Annexations won’t affect levy

The recent annexations will not permit an increase in the city’s levy limit.

Such was the message given the Little Falls City Council by the city’s financial officer, Lori Kasella. “The state tells us to what amount we can go,” she explained. “The amount doesn’t factor in growth. It doesn’t matter to them if we have more roads to plow, or more police protection to give. No, the amount won’t change in 2005, either. That’s simply what the legislature says.”

The council has proposed, what with the dramatic cut in local government aid (LGA), from the state, setting the levy for next year “at the maximum”—$2,140,721.

Kasella did point out that the annexations could mean a slight reduction in property taxes for some city residents since the payments to cover the levy “will be spread out more.”

An explanation of the proposed levy will be given at the Truth in Taxation public heating Dec. 8 at 7:30 p.m.

Kasella also spoke of measures suggested to reduce the budget for 2004. As she explained, the equipment fund had requests totaling $441,000. That amount was taken down to $170,000. “We typically transfer $180,000 from the general fund for these expenses,” she added.

Items deemed necessary with the $170,000, continued Kasella, include $27,000 for a new heating and cooling system at city hall. The furnace in the building now has a 60 percent efficiency and runs constantly. In addition, $6,500 are needed for new windows. None of the present windows can be opened.

Needed at the two mansions at Linden Hill are a $3,000 gas fireplace for keeping the main floor warm, and $5,000 for new sewer lines to the caretaker’s house. The rent money from the latter goes for operating expenses at the conference center.

In discussing the complex further, Don Klinker reported the house also needed new windows and paint. “They’ll never pay for themselves,” he added. Bringing up the fact that the endowment fund for the homes was at $600,000, the suggestion was made to use part of it for the necessary repairs. Most agreed to the suggestion.

Other items said to be necessary included:

• A bobcat, with a price tag of $20,000 for the park and rec department;

• A one-ton truck costing $36,000, a payment of $20,000 toward a motor grader and $19,000 for a three-quarter-ton pickup truck for the street department; and

• For the police department, a squad car with radar for $27,500, a new phone system for $5,000 and another in-car video for $5,000.

With the elimination of placing any funds into Linden Hill, the total amount for the items thought crucial from the equipment fund thus came under $170,000. Looking at this, the suggestion was made to use any excess money for a new vehicle for the city and/or into the construction of a new street department building.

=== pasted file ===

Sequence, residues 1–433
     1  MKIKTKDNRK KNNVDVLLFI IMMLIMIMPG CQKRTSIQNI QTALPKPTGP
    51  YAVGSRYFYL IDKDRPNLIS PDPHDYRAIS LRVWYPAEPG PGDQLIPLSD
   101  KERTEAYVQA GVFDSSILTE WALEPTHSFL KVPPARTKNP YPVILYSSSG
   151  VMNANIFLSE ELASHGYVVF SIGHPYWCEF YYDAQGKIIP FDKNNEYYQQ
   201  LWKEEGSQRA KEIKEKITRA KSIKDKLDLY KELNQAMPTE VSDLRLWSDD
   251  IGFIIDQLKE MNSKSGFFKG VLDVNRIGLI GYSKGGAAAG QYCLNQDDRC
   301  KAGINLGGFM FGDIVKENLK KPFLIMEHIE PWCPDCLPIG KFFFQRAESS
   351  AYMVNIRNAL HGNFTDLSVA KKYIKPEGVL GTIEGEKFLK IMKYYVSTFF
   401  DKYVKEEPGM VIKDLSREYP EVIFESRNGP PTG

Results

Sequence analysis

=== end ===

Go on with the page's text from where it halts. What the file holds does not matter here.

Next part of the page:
Turning to specific funds, Kasella related that, in most cases, the proposed amount does not meet the requested amount. These included:

• A proposed $181,150 for the mayor and council compared to a requested $184,150;

• A proposed $10,850 for civil defense compared to a requested $850. The reason for the increase in this instance is the need for new sirens;

• A proposed $125,300 for public works compared to a request for $162,300;

• A proposed $76,600 for snow removal compared to a request for $71,600. The reason cited for the increase was the addition of more streets;

• A proposed $135,550 for the fire department compared to a request for $191,050;

• A proposed $48,500 the library compared to a requested $48,350;

• A proposed $296,700 for the park and recreation department compared to a request for $331,950;

• A proposed $48,500 for the library compared to a requested $48,350;

• A proposed $296,700 for the park and recreation department compared to a request for $331,950;

• A proposal of $1,158,200 for the wastewater department compared to a request for $1,118,500; and

• A proposal of $138,750 for the airport which is the same as requested.

“But, we still haven’t addressed the street department building, the new roof at the library or the rebatement for the Sunrise Addition,” concluded Kasella. “We still have lots of needs not being met.”

In other business discussed at their planning meeting, the council members received an update on:

• The Hennepin Paper Mill cleanup. As of Nov. 19, most of the abatement of the asbestos and lead paint was complete, except for the boiler room; and

• The former IGA building on the city’s west side. According to the latest study by Widseth Smith Nolting, “The site is eligible for a ‘No further action’ determination.”

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